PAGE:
This cyclone they called Nano - a Tahitian word meaning "explosive force." True to its name it intensified after leaving the Marquesas and swept through the southern Tuamotus with 140 mph winds and 30-foot seas.
Week after week we waited for the tradewinds to start blowing again. Finally on February 2, a breeze encouraged us to set sail for Tahiti. It lasted only two hours. For the next five days we motored ahead in blistering heat, eight hours a day. Otherwise, to ration our scant fuel we drifted like the Kon Tiki, waiting for the "reliable" tradewinds that refused to blow, sails hanging limp like rags.
Finally the sails filled and sent us rushing through the Tuamotus. Regressing a moment, back in the Marquesas I had ruptured an ear drum while snorkeling. The doctor treated me with antibiotics and cautioned me against swimming for a month. So Jenny and I continued on to Tahiti, terribly disappointed to miss snorkeling the Tuamotus. In retrospect that ear infection might have saved our lives.
The austral Summer and Autumn is cyclone season across the Southern Pacific. However, the cyclone belt - the area of greatest cyclonic activity - normally lies safely to the west of the Societies. Severe storms rarely beleaguer French Polynesia. In fact, in the whole of recorded history prior to the 1983 El Niño, the Tuamotus had experienced only three cyclones. The Marquesas not a single one. Clearly we had chosen a difficult year to venture forth.
Not long after we reached Tahiti, Cyclone Reva - "the thrasher" - sprang to life and passed within 75 miles of us, tearing through the anchorages with 80 knot winds laced with 100 knot gusts that churned Papeete's harbor into a seething ground-blizzard of white spume. Scores of boats crowded the anchorage, and with each powerful gust another anchor lost its grip. Five massive tugs scurried about saving the hapless, towing them to windward and securing them to shoreside bollards.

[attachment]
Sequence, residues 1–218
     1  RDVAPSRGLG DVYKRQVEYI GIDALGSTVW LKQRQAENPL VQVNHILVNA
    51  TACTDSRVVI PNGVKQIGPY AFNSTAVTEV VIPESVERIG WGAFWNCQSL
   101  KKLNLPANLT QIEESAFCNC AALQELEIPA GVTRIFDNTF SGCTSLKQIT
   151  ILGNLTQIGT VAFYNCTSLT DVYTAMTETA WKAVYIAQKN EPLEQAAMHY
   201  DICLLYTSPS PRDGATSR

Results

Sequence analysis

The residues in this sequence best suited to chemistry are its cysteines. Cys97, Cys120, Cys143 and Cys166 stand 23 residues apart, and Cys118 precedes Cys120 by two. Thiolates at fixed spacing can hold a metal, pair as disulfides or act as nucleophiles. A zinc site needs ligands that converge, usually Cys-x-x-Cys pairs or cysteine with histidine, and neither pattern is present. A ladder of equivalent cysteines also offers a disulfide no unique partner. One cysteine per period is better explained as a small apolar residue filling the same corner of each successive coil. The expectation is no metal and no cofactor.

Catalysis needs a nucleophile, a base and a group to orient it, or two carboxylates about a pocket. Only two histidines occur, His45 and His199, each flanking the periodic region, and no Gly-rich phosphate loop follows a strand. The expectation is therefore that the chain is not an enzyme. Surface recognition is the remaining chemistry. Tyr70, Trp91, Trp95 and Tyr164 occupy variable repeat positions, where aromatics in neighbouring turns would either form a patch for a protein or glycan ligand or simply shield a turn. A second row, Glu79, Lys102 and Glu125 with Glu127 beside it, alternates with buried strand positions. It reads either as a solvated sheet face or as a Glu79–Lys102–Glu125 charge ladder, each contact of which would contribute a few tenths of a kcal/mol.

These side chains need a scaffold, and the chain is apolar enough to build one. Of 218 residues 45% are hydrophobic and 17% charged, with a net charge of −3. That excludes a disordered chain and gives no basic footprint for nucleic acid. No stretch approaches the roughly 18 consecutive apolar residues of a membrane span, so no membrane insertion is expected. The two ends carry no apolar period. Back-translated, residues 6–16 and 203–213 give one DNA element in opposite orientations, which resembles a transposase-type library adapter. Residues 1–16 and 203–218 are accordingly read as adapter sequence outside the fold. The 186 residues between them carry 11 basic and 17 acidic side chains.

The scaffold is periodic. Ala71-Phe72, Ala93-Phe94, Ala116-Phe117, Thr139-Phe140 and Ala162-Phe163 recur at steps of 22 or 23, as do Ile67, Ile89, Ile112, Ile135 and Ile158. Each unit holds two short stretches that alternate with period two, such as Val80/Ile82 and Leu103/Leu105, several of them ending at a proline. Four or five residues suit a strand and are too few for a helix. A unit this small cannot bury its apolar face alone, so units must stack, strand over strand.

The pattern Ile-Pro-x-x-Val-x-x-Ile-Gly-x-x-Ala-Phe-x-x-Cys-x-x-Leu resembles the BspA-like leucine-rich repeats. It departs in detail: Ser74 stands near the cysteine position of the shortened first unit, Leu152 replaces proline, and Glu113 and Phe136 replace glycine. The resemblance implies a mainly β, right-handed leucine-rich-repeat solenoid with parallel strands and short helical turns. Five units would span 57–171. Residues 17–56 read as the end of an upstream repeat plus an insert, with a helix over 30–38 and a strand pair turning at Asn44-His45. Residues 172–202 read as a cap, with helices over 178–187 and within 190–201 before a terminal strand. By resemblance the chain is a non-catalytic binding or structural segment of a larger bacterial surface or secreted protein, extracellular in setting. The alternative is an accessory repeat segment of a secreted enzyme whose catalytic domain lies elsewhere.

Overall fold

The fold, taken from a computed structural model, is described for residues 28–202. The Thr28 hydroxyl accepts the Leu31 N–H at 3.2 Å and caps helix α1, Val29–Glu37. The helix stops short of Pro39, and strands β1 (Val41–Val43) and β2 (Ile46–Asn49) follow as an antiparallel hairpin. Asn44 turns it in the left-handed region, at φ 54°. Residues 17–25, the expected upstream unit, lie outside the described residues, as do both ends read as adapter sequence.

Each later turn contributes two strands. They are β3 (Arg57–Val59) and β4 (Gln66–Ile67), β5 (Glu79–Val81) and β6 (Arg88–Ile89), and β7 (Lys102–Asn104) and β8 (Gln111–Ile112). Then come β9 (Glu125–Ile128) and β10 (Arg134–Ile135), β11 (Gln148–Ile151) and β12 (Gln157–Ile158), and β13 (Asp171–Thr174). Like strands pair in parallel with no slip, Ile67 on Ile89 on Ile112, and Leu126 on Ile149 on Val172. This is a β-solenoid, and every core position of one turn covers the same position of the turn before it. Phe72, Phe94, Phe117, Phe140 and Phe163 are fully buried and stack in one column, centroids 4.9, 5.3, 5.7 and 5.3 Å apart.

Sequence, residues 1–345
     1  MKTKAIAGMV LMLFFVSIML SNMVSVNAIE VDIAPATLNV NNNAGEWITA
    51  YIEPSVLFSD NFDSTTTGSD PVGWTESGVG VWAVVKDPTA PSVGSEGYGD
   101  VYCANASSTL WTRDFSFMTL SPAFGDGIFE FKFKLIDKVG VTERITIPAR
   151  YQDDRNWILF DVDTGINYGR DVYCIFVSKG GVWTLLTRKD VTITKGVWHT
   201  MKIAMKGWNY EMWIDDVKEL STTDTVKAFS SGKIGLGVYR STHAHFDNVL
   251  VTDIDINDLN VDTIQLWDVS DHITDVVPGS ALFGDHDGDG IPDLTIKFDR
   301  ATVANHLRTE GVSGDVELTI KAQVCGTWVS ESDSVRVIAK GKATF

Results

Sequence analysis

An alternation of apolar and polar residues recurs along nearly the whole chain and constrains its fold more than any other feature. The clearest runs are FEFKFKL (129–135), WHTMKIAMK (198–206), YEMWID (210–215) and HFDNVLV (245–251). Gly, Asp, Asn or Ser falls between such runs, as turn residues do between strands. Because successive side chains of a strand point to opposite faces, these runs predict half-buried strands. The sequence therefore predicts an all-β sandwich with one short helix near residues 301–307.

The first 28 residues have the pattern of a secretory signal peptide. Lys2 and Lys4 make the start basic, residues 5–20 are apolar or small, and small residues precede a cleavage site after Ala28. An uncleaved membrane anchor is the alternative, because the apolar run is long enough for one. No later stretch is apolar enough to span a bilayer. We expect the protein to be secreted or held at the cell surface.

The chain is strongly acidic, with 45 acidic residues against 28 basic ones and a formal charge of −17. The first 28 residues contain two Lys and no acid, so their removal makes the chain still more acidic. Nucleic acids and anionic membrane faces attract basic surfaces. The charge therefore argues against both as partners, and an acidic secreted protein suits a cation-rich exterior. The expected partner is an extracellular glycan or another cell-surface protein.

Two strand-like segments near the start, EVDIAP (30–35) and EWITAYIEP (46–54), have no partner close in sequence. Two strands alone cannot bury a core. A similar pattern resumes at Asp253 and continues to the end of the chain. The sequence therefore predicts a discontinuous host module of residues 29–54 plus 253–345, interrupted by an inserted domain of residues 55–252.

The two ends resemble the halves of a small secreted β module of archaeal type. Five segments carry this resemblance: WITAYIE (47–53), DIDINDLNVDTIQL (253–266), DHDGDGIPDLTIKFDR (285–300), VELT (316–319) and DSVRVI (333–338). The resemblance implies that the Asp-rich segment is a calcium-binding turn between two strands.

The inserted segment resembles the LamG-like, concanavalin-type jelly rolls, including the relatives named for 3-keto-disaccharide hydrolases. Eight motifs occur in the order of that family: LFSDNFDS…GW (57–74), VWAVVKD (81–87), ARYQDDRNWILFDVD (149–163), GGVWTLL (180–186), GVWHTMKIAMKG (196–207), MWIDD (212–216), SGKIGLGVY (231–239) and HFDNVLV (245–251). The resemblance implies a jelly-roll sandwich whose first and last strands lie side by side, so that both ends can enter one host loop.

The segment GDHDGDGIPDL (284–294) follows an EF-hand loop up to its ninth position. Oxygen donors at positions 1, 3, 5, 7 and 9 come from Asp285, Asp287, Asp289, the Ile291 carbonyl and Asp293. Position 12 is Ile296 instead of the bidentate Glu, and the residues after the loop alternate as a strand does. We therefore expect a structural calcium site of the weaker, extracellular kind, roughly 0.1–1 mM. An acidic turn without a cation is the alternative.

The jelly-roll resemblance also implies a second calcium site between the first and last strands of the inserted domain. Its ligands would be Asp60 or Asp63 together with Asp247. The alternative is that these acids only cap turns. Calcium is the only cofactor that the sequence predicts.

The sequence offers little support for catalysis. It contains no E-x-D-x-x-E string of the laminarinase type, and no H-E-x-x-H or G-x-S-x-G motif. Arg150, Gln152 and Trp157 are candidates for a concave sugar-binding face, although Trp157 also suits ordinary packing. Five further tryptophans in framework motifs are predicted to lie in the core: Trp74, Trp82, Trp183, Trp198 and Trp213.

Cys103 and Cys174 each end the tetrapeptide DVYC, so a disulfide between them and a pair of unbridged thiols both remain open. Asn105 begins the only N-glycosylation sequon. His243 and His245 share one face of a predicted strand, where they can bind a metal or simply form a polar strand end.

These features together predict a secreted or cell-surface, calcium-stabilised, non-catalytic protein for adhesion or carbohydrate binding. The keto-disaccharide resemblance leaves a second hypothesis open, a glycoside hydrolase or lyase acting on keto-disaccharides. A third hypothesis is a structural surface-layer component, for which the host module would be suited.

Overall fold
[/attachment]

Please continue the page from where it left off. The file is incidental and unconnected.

SUKA's anchor held fast, leaving us free to watch the tempest reducing trees to stubble and stripping buildings of their siding and roofs. Bursts of sheet metal, glass, and debris hurled far out into the harbor.
After seven hours of unparalleled excitement the tempest lessened and soon died, leaving the battered flotilla bobbing like toys in a bathtub. Meanwhile, Reva headed back for another strafing run at the Tuamotus. And it was there that this Monstrosity overtook two of our cruising buddy-boats. One couple perished, not a trace of them was ever found. The other couple survived, but only just. I chronicled the stories in The Atoll Toll
," Latitude 38 August 1983.